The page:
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Ad Comparing SD To Mars Part Of New State Image Campaign

A new workforce plan from the State of South Dakota aims to change the Rushmore state’s image around the region. Economic development leaders are launching a media campaign in surrounding states on May first. Radio and television ads are set to air in specific communities, and a companion website launches that day. One of the videos promoting the state is already garnering attention.

Part of a new campaign to promote quality of life in South Dakota draws some contrast with people who want to travel to Mars without any hope of returning.

Pat Costello with the Governor’s Office of Economic Development says the state needs to create a buzz. So, is the Mars media spot working? 

"Well, you tell me. If we put in our press release that the state is actively for people to come to South Dakota to live, to fill jobs, would we be on Fox News? Would we be on CNN? I think it’s working. I think it’s created a buzz," Costello says. "There may be some snickering going on somewhere about, ‘Oh, life in South Dakota, you know, maybe that’s only marginally better than Mars.’ I don’t know. Whether there is or isn’t doesn’t matter. We’re on the discussion table, and that’s what we needed because we weren’t on the discussion table before."

Costello says market research shows people from nearby states don’t even consider South Dakota as a place they could live. He says that’s the point of the new campaign: to inform people that the state is more than a few tourist attractions.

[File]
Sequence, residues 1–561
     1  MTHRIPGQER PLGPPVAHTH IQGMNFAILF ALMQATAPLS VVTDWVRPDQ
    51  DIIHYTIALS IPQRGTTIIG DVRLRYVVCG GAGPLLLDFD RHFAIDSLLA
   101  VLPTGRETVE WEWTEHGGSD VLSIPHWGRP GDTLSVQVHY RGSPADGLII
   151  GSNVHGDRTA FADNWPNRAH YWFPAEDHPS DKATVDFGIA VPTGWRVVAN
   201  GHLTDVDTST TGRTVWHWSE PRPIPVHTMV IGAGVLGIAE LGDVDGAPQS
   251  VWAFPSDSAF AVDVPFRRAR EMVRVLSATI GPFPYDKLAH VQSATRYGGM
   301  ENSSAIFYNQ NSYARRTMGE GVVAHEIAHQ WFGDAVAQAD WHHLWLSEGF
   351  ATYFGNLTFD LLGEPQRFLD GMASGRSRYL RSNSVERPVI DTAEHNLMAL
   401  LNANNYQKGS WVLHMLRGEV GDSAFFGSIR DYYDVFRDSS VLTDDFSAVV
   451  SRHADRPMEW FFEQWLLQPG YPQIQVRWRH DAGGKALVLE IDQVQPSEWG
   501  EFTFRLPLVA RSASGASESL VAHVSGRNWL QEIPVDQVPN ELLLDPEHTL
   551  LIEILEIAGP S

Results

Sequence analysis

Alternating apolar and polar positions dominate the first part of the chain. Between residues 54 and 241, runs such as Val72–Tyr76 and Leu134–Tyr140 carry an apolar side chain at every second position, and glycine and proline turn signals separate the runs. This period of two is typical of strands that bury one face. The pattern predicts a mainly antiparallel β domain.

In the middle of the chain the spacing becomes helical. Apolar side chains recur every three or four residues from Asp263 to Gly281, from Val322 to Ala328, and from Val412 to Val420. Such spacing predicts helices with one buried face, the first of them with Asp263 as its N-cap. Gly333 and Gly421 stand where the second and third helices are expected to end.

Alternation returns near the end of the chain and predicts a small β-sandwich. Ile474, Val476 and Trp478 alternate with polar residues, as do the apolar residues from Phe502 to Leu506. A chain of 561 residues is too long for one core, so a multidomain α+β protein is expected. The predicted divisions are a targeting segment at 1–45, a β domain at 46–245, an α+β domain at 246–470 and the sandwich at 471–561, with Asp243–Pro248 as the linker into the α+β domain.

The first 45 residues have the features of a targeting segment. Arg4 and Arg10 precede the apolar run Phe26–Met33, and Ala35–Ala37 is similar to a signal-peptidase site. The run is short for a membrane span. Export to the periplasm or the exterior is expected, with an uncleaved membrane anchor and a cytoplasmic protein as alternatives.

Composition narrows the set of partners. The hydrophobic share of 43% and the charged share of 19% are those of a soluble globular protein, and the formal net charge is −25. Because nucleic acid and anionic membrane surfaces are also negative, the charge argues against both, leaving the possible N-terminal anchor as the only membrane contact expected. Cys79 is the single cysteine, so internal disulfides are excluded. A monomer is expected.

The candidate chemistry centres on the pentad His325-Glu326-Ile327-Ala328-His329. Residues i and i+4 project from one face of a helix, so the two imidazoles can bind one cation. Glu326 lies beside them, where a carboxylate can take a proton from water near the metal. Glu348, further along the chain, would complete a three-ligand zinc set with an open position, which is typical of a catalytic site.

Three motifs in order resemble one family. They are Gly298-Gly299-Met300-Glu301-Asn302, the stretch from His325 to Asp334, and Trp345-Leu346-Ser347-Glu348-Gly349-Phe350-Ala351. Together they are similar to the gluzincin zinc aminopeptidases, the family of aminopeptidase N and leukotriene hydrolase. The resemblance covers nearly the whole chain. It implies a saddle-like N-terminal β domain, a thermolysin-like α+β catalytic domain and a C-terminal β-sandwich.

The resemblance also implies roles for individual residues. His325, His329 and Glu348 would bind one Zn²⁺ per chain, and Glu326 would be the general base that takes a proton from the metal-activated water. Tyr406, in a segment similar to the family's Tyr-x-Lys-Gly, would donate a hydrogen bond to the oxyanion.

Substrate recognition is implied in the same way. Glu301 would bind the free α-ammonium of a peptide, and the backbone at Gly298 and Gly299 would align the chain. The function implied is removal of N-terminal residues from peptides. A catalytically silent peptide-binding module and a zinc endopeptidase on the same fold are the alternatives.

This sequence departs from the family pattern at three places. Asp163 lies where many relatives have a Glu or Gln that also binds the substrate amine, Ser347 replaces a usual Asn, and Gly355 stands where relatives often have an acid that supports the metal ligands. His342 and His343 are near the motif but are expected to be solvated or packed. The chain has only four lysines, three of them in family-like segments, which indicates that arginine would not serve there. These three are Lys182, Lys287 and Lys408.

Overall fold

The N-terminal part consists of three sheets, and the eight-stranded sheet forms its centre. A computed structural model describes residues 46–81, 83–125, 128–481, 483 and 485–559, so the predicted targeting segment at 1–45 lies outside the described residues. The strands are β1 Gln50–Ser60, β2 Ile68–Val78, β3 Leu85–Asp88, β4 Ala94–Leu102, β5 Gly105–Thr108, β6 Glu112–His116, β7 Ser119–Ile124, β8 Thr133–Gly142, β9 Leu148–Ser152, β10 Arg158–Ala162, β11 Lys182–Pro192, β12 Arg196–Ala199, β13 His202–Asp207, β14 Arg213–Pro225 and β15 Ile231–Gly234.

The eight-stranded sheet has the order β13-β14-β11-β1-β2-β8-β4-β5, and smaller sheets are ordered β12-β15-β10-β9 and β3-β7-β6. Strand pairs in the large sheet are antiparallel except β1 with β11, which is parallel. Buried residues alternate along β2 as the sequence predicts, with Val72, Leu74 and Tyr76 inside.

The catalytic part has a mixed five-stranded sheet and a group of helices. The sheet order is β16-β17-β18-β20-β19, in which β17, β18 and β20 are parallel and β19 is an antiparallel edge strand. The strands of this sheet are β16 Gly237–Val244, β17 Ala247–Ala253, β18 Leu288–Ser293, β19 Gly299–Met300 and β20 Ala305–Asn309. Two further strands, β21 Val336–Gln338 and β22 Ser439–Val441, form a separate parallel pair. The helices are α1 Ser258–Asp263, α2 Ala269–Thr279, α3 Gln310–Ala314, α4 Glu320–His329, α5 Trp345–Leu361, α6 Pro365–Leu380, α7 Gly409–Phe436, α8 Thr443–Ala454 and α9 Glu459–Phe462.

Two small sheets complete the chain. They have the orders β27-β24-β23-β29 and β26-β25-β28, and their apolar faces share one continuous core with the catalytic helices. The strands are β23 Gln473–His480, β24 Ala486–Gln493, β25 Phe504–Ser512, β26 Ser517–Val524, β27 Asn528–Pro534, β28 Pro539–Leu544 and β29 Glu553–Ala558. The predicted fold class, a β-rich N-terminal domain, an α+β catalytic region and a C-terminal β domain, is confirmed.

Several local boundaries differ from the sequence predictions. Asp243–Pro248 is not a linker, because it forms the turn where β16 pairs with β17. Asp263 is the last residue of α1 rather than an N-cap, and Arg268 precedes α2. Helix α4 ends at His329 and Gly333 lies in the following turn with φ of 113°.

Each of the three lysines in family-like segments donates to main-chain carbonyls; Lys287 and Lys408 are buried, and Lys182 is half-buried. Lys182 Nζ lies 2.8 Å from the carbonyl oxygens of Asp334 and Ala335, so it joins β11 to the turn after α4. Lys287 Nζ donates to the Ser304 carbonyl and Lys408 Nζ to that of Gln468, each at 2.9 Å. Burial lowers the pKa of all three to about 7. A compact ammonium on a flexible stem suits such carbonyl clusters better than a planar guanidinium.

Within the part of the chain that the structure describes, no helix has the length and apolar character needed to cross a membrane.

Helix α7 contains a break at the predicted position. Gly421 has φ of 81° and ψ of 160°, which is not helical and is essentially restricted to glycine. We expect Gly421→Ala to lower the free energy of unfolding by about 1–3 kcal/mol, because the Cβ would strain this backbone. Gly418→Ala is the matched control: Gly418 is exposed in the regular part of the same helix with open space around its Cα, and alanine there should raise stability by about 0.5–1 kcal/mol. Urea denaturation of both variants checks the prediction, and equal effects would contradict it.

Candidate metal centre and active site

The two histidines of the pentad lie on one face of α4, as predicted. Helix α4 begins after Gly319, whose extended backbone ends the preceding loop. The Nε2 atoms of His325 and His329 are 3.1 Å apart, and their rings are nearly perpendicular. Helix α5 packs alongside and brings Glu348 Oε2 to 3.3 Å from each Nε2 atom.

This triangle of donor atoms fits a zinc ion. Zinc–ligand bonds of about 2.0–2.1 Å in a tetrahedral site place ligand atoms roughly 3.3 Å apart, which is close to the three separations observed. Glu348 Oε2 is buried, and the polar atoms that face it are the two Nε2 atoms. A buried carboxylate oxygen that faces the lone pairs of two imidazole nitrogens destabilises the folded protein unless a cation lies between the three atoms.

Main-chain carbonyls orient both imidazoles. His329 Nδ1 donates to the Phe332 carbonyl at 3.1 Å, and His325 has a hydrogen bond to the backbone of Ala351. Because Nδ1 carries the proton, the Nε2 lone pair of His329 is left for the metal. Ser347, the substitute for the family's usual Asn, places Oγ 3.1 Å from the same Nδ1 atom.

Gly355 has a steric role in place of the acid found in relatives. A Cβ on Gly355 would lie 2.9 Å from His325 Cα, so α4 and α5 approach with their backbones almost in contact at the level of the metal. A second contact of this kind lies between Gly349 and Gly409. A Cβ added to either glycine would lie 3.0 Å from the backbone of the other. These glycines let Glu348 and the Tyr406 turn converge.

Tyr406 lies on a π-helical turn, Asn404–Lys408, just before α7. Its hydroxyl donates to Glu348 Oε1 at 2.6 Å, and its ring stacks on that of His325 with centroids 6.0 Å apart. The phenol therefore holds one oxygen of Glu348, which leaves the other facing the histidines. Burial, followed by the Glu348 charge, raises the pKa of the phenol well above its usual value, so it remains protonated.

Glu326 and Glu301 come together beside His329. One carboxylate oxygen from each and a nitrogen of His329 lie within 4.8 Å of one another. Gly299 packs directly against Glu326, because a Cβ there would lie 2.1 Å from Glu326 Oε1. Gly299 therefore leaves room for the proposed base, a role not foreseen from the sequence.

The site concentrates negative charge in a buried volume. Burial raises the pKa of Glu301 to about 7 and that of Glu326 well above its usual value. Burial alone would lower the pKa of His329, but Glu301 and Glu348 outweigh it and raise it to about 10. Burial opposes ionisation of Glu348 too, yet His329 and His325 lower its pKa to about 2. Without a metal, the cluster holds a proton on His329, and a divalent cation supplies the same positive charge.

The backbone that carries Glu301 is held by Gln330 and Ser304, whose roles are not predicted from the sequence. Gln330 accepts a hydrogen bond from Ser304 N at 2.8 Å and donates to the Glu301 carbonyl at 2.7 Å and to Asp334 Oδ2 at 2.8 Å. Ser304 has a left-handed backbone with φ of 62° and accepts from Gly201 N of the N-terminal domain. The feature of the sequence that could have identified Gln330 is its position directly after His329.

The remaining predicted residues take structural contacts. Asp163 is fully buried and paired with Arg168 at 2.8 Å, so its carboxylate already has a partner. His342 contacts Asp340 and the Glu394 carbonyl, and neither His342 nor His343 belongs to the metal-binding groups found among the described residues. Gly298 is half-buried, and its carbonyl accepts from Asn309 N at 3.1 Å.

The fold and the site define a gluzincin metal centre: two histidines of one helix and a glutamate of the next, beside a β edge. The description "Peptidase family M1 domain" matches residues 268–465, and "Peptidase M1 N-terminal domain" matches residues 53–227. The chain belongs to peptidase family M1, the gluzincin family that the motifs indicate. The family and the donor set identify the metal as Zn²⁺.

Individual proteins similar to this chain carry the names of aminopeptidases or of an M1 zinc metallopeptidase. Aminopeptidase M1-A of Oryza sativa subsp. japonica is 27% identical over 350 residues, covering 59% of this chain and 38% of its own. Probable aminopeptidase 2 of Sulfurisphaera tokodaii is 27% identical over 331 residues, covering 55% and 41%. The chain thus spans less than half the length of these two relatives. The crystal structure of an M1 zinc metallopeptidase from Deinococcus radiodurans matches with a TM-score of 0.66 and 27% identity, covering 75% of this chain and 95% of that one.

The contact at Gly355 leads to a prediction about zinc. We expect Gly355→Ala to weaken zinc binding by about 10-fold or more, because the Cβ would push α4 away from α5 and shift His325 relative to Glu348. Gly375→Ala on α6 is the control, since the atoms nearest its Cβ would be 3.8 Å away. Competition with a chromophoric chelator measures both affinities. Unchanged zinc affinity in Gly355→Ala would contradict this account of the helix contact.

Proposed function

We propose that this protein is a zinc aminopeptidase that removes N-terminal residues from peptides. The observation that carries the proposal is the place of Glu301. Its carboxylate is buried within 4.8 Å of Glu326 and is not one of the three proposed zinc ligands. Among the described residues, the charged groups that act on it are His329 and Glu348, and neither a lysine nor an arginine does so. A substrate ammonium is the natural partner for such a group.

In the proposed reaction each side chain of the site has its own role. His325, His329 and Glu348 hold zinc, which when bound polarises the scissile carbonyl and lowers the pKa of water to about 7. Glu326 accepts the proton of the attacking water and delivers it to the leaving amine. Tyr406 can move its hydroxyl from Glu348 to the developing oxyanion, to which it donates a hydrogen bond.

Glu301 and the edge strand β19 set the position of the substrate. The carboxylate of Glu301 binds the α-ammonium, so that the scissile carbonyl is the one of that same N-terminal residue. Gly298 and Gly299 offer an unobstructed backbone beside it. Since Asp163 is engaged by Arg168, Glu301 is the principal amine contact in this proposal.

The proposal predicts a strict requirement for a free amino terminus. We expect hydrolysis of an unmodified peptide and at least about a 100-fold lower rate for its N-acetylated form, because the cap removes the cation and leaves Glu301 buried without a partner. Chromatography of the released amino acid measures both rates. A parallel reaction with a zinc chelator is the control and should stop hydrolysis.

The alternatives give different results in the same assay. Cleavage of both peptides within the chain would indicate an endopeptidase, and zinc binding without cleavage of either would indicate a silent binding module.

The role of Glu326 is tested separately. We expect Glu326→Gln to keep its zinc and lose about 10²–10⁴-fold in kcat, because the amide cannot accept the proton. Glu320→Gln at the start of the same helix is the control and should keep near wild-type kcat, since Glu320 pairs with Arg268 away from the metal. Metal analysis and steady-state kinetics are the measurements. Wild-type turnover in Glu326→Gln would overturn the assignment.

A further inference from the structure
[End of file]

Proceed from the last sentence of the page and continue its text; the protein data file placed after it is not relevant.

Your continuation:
"When they think of South Dakota, they think of Mt. Rushmore, Crazy Horse, Corn Palace. They think of tourism-related pictures in their mind. When we want to get people to start thinking about South Dakota as a way to live, to have a good quality of life, to picture themselves having a family, having a great job, being engaged in their community and those things," Costello says.

Costello says a new website launches May first to help change the outside image of South Dakota.

"The digital media, which is 58 percent of our buy, is North Dakota, Minnesota, Wisconsin, Iowa, Nebraska, and Wyoming. Then in certain markets within those, we’re going to augment that with some TV and radio, and those markets are going to be Mankato, Duluth, St. Cloud, Cheyenne, Fort Dodge and Mason City," Costello says.

The campaign targets people between the ages of 25 and 44. Advertisers are focusing on people who are single or married but without children, because that demographic has more interest in moving to better jobs and recreation opportunities.

Kealey Bultena grew up in South Dakota, where her grandparents took advantage of the state’s agriculture at nap time, tricking her into car rides to “go see cows.” Rarely did she stay awake long enough to see the livestock, but now she writes stories about the animals – and the legislature and education and much more. Kealey worked in television for four years while attending the University of South Dakota. She started interning with South Dakota Public Broadcasting in September 2010 and accepted a position with television in 2011. Now Kealey is the radio news producer stationed in Sioux Falls. As a multi-media journalist, Kealey prides herself on the diversity of the stories she tells and the impact her work has on people across the state. Kealey is always searching for new ideas. Let her know of a great story! Find her on Facebook and twitter (@KealeySDPB).